Kenya this week joined the rest of the world in celebrating women on the occasion of the International Women’s Day. We can use this as an opportunity to evaluate and renew our commitment to improve the well-being of our women and girls.
Kenya stands to reap greatly from investing in girls by keeping them in school. Education plays an important role in giving women more control over many aspects of their lives, including how many children they have.
Studies show that an extra year of female schooling reduces fertility (i.e. children per woman) by up to 10 per cent. If we take the case of the Asian tigers, between the 1950s and the 1960s, a number of these countries invested greatly in their youth skills coupled with expanding access to voluntary family planning.
The result was unprecedented economic growth. Korea, for instance, saw its GDP grow by a 2,200 per cent between 1950 and 2008. During this period, South Korea’s fertility rate declined from around 6.2 to 1.3 children per woman.
With fewer births each year, the country’s young dependent population grew smaller in relation to the working-age population. With fewer people to support, Korea opened a window of opportunity for rapid economic growth, especially as social and economic policies were developed and investments made.
The top 10 countries with the highest fertility rates are all from sub-Saharan Africa — with Niger leading with a birth rate of 7.6, closely followed by South Sudan with 6.9. Most of these countries have some of the lowest GDPs in the world.
Even though Kenya has made progress in many of the indicators on sexual and reproductive health, including the reduction of its fertility rate to 3.9 children per woman, a lot more needs to be done. For instance, only six out of 10 currently married women are using a contraceptive method, whereas the use of modern methods stands at five in 10 women.
A recent national survey indicates that one in four married women of reproductive age in Kenya have an unmet need for family planning (they do not want to become pregnant but are not using contraception). This translates to about 1.4 million women. Unmet need is highest among those in informal settlements, less educated women, and those living in rural areas.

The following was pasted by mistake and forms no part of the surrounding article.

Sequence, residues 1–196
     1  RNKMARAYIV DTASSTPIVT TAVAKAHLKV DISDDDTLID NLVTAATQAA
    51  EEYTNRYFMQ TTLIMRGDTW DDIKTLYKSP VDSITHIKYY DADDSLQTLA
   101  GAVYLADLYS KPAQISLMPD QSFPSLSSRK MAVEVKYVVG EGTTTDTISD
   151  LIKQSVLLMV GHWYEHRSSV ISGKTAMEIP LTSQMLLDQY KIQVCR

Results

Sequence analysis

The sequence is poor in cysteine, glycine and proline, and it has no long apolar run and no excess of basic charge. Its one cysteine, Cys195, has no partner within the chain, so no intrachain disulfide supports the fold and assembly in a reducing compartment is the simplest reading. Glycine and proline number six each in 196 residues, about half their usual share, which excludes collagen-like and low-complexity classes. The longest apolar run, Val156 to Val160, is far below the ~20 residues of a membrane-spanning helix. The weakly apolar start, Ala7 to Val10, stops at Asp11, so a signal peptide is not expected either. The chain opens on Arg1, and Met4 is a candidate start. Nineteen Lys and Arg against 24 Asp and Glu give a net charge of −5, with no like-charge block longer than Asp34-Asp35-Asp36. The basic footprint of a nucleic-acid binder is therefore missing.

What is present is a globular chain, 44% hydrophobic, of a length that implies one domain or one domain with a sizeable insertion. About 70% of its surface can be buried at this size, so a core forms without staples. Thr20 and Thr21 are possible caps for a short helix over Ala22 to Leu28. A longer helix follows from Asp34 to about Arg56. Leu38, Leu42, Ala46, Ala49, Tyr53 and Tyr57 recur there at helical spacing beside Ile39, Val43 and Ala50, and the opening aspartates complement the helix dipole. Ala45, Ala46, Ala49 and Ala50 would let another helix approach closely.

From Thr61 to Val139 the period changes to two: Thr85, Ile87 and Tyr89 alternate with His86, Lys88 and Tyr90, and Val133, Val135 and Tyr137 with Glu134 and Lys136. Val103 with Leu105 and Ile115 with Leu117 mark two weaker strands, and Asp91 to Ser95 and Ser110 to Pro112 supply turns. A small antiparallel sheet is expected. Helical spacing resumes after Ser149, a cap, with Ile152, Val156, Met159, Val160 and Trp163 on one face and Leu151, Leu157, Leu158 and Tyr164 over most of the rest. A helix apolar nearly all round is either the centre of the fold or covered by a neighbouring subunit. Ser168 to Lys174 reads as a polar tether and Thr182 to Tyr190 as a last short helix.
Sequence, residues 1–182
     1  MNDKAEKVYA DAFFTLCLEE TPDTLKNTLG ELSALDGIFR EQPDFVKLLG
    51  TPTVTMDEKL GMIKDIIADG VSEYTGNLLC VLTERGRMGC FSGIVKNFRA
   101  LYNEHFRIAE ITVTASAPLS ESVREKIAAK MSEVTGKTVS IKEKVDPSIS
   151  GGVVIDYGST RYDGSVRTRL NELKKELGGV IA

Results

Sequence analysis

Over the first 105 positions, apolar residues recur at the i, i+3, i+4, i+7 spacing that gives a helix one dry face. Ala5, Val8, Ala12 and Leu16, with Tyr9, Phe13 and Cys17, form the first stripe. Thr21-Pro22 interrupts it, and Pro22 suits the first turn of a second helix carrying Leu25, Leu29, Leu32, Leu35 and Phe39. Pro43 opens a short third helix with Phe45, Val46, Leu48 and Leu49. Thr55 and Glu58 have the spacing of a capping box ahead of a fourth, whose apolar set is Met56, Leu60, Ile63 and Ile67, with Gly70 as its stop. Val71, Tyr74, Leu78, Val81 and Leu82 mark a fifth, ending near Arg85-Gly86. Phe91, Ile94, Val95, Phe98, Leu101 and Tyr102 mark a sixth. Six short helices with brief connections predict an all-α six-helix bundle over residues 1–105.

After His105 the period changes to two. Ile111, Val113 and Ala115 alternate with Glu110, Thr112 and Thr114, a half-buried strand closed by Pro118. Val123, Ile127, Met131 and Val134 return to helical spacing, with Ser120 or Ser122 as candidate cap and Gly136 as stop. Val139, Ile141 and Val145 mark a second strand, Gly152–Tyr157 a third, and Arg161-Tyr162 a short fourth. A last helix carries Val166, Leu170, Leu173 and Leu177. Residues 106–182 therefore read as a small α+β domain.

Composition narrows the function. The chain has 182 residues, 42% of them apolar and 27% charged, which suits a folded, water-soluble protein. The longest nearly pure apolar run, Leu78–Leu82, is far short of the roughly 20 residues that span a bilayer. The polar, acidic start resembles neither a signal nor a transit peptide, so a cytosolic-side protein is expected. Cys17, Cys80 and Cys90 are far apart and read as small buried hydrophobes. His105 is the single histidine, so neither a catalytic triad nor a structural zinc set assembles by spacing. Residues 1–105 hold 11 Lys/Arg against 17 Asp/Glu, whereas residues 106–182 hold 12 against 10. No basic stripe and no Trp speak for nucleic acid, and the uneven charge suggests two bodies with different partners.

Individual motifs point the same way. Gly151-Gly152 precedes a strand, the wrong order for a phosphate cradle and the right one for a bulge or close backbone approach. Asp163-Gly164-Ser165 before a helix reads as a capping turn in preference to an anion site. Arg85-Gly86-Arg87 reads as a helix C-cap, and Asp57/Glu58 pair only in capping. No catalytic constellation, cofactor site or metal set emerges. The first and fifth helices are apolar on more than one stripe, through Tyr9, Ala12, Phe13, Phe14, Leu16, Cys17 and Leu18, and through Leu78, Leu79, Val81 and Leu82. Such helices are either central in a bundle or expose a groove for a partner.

Public health facilities remain the major provider of contraceptive methods, with six out of 10 modern contraceptive users obtaining them from a government source. It is, therefore, critical that Kenya renews her commitment to the well-being of its women and girls by allocating more public resources for family planning and related services.
The strongest indication of government commitment is to allocate funds, specifically for family planning, from health budgets. Such funds will make it possible to hire staff to handle family planning services, conduct public education drives, and provide the family planning commodities required at health facilities.
This will help lower the barriers to family planning uptake — improving counselling services to reduce health concerns and fear of side effects, educating women about their bodies and when they are most at risk of getting pregnant, and breaking down cultural and social barriers to contraceptive use.
Rapid population growth stands in the way of attainment of critical development goals. Kenya’s population is reported as growing at an average of one million a year. At this rate, the population is projected to reach 77 million people by 2030. This is unsustainable and will greatly strain the country’s resources.
Investing in the reproductive health of women and girls is perhaps the most cost-effective investment we can make to ultimately achieve Vision 2030.
Dr Kamau is the country director, Deutsche Stiftung Weltbevoelkerung Kenya [email protected]